36 Comments:

Robert Minto said...

Good post and I'm intrigued to discover Halik for myself: But. Can I just say, w/r/t Marilynne Robinson's book, that it's not really ultimately about proving the existence of God---rather Dawkins & Co. are used as examples of a larger and different phenomenon---and that phenomenon isn't atheism, per se.

jonathan said...

Having just come from an engaging conversation with a self-proclaimed atheist, I'm immediately drawn to Halik's articulation of faith. I'll often defer to Kierkegaard and Derrida for this sort of emphasis on patience (or "undecidability"). Not only is this a very Christian way of putting it; (as you've mentioned) it's also very accommodating to those without a theological background, even those who are simply interested in why a someone would commit themselves to a life in Christ.

The Charismanglican said...

What a great review. I'm adding it to my list of "books to read" right now.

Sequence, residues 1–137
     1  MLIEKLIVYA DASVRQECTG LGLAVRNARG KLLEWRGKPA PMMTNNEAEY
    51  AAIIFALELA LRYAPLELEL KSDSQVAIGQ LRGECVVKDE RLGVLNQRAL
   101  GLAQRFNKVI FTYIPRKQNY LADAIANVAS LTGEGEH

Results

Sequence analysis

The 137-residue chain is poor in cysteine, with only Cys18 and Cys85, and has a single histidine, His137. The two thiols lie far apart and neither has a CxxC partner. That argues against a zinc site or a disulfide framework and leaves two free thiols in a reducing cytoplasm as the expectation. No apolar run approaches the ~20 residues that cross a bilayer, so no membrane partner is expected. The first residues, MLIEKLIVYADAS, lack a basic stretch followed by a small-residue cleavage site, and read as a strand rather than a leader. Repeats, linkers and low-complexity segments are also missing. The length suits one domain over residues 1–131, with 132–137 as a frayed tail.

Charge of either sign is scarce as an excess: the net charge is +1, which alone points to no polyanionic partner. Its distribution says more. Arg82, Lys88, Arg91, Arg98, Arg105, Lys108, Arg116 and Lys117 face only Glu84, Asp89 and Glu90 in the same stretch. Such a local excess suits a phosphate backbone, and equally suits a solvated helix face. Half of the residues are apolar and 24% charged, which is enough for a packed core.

Jason Goroncy said...

Thanks for drawing attention to Halík's book Ben. I read it when it first appeared. I wish I remembered to use it recently when I was doing some teaching on issues of 'theodicy'. Perhaps next time. It's certainly a much more satisfying treatment on the subject than is DB Hart's The Doors of the Sea which was most disappointing.

bruce hamill said...

The real D B Hart response to the New Atheists is not The Doors of the Sea but The Atheist Delusion.

kim fabricius said...

Yes, the choice drug of atheists is speed.

Bob Covolo said...

I think Jason's contrast between DBH's apologetic and Halik's is well taken...especially given the Atheist Delusion's fighting (dare I say condescending) spirit. While the Atheist Delusion left me laughing and feeling triumphant (with too many great quotes to count), I couldn't imagine it as something I would actually give as a vehicle to faith.

Adrian Woods said...

"when her novel Gilead had already proved the existence of God" Presumably you are using 'proved' here in some rhetorically metaphorical way, correct?

"Faith is not a denial of all this: it is a patient endurance of the ambiguity of the world and the experience of God's absence." I think this is well said. As long as, at some point we move past the experience of God's absence. As in the following sentence which seems to suggest emphatically that God is not completely absent.

"but from an understanding of the kindness of God" Oddly enough, David Hart, in his book on Atheism, does not strike me as one who is cultivating this kind of kindness.